Day 13 – Final day

Over the course of the blogs, have you ever wondered how many rocks actually make up our excavation site? Well, probably not, but we can tell you anyway! 1856, to be precise. How do we know this you may ask? Over the past two weeks there has been two total station teams shooting in (recording the specific point) every single rock in the immediate vicinity of the excavation areas.

Wait, we’re getting ahead of ourselves. Let us tell you about total station. It is a laser based survey device that allows us to record any point in a 3-dimensional space, through the use of a tripod and target pole. We can then look at the points using computer software, creating an overall map that we can add to each day.

As well as rocks, the total station teams shoot in artefacts, different soil deposits, cultural layers (the soil layer that cultural events occurred on), features like hearths or hangi, and the full excavation area. As you can imagine this would keep us very busy, and at times is quite stressful. Our reply to calls of ‘total station!’ was “stand by caller, your rocks are very important to us. You are next in the queue; we will be with you momentarily”.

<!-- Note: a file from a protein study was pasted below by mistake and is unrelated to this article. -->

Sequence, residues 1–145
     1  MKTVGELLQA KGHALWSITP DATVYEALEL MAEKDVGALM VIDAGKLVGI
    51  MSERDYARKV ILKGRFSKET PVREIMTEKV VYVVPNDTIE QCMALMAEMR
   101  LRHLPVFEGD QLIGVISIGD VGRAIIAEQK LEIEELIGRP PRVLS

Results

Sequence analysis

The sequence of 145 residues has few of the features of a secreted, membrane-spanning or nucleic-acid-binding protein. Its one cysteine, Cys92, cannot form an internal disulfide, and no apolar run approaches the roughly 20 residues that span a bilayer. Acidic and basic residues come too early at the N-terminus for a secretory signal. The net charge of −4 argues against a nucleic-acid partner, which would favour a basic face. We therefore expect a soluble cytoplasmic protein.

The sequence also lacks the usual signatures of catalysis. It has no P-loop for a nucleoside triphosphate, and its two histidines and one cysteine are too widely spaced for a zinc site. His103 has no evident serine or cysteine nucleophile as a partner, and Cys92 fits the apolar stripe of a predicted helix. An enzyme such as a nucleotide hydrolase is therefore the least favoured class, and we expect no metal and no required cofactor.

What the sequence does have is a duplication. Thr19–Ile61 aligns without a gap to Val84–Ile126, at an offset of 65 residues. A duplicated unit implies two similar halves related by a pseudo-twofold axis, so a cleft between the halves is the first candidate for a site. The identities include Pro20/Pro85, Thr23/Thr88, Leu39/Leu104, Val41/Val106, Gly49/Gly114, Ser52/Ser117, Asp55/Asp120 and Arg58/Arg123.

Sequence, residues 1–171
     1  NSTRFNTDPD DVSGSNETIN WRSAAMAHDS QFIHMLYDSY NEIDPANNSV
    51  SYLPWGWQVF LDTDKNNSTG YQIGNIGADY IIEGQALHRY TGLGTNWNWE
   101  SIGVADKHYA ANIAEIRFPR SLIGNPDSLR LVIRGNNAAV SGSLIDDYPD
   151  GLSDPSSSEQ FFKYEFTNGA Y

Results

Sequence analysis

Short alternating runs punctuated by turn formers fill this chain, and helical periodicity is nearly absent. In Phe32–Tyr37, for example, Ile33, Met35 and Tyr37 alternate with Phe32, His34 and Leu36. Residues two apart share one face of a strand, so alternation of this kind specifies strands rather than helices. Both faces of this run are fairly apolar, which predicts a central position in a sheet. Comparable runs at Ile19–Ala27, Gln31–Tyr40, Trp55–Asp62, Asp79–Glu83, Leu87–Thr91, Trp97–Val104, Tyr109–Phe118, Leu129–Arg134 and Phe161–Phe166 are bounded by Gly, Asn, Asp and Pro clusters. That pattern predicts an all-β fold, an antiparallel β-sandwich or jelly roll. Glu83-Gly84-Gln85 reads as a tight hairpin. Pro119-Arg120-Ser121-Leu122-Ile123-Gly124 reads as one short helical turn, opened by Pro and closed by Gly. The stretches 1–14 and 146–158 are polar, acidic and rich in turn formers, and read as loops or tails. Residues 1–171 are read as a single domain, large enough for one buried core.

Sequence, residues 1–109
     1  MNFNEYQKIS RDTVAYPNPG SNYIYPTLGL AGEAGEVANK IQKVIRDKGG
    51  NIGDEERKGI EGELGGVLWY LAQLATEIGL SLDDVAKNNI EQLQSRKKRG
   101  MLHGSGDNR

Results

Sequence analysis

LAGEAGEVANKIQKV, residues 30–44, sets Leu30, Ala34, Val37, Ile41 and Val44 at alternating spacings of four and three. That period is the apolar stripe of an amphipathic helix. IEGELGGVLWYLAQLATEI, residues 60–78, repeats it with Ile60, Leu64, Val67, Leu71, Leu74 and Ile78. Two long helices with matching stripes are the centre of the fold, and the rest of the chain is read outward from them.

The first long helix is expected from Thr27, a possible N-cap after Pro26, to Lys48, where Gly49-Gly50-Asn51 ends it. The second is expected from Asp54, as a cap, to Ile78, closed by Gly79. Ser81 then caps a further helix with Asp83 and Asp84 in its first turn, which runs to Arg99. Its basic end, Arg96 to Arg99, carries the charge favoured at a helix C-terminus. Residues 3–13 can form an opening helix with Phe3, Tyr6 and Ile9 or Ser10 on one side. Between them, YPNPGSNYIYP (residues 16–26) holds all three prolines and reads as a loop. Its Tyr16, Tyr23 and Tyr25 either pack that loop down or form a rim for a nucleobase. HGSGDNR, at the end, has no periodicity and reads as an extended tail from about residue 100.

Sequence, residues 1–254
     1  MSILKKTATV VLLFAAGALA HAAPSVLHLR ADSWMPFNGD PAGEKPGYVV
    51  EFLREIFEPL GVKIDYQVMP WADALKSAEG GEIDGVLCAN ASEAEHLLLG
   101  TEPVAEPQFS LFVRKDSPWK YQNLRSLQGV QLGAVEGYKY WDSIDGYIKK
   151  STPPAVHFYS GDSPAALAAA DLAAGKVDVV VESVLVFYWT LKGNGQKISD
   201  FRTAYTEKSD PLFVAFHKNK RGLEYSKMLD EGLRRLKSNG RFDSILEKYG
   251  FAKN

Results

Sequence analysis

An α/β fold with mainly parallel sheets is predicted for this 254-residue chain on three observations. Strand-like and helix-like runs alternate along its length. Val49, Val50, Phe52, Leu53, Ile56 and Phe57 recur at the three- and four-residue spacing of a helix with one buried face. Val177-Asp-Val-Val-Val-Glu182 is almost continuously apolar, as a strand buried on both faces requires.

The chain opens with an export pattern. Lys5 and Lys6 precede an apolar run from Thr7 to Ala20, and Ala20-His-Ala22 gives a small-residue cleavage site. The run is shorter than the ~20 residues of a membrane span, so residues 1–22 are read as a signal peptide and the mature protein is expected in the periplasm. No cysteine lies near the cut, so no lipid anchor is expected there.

This brings us back to our rocks. The aim of shooting in every rock was to map out the construction of the terraces, and see their relationship to the excavation areas. Through using the total station, we are able to digitally reconstruct the excavation site. This can then be used by field school students to aid in their research projects.

After 12 hard days of survey and excavation, our time was coming to an end. Everybody was running around frantically in order to complete everything on time. While the survey crew were shooting in the final rocks, the other teams were busy filling in the trenches we had so lovingly excavated over the past two weeks. While the final paperwork was being completed and the photos taken, chain gangs were formed to efficiently move the soil up and down to the trenches. By the end of the day you could hardly tell we were there.

All in all, it was a wonderful two weeks. We were surrounded by a beautiful landscape and terrific archaeology, but perhaps the most defining aspect of field school was working alongside such knowledgeable supervisors and directors, enthusiastic peers, and generally amazing people.

– Nick and Bailey

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A Continuation of There and Back Again: A Surveyer’s Tale